Geek heroine Jeri Ellsworth put up a YouTube video explaining how she might build a $10 version of the $5000 audible turn warning system recently installed on Portland public busses. In the comments, someone posting as "peterbartek" (the name of the CEO of TranCert Marketing, the company that installed the $5,000 systems under discussion) told Ellsworth that her video had "set back the progress of women 100 years" by criticizing the company's products. Peterbartek went on to talk in detail about the company's products and the complexities in designing "mitigating devices."
But when Ellsworth's supporters called Peter Bartek to task for telling her that she had betrayed her gender by criticizing his products (one Ellsworth Twitter follower wrote ""@peterbartek The only way Jeri Ellsworth could set back women 100 years would be by developing aï»¿ time machine in her guest room."), Bartek claimed that his YouTube account had been hacked, disclaimed all responsibility for the discussion, and then stopped answering emails altogether.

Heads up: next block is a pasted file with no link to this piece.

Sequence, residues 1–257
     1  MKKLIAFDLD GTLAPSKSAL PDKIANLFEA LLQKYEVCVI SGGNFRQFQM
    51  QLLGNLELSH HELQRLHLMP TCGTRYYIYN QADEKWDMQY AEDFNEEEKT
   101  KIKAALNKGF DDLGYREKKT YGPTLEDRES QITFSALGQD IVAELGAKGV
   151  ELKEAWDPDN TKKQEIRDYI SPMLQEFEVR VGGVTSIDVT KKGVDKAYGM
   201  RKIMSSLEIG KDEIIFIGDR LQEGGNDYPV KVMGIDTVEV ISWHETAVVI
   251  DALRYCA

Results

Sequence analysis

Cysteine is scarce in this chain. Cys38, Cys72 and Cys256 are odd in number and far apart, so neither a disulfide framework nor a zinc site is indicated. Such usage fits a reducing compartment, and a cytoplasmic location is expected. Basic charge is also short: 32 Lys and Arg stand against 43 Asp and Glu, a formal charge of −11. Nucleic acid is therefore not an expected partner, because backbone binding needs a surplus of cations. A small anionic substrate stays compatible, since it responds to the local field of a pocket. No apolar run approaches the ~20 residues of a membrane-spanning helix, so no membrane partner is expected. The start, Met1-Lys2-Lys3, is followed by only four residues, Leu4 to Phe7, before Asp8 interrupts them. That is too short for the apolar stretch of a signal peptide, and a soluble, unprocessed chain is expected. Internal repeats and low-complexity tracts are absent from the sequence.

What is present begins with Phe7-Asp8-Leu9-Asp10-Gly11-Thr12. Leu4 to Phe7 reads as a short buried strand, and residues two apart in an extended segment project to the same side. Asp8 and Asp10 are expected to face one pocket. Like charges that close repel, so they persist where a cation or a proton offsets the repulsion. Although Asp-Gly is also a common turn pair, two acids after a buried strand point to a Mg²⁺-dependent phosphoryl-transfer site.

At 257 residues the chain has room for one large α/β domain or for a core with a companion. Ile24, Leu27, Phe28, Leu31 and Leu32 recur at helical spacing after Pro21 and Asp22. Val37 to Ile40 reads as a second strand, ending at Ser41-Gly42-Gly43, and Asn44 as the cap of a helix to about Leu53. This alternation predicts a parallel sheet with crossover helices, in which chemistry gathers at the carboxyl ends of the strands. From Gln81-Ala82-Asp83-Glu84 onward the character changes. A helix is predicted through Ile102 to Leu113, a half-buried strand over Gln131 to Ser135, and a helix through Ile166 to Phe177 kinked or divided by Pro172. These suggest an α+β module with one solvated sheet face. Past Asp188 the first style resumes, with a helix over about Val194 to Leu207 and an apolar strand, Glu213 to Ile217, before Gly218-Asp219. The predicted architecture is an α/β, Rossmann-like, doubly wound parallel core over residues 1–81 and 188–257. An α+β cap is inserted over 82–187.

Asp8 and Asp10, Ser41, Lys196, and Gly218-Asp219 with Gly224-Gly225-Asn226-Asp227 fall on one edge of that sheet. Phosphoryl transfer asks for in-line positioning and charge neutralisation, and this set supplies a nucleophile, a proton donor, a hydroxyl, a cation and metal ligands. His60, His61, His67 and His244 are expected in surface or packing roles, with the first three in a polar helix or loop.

Phil Torrone at Make is skeptical of this story about hackers, and instead believes that Bartek was engaging in the long engineering tradition of crapping on women for being women:
When people ask me (or my partner, a female engineer) why we don't see as many women posting their projects, or participating as much online in the engineering community, we usually give specific examples instead of speculating "why?" Here's a good example that really got us upset (TriMet's talking buses, YouTube, sexism, online imposters: It's complicated By Joseph Rose, The Oregonian). Read the rest
Jeri Ellsworth created this remarkable Commodore-64-emulated-NES-in-a-handbag -- she's also the hacker who reverse-engineered the Commodore 64 and came up with the C64-on-a-chip design.
Jeri's nifty Nintendo/C64 purse
(via Neatorama) Read the rest
In this episode of Make: Talk, we'll be joined by Jeri Ellsworth, a pinball fanatic and hardware hacker. You might remember her as the chip designer who Easter egged a Commodore 64 emulator in a video game joystick. We'll also present some news from the world of making, and our favorite tricks, tips, and tools of the week. Be sure to call in for prizes that we'll award during the program! The number is (646) 915-8698.
Below is the show player, where you can listen to the live program on Friday, and to past episodes.
Make: Talk on BlogTalkRadio Read the rest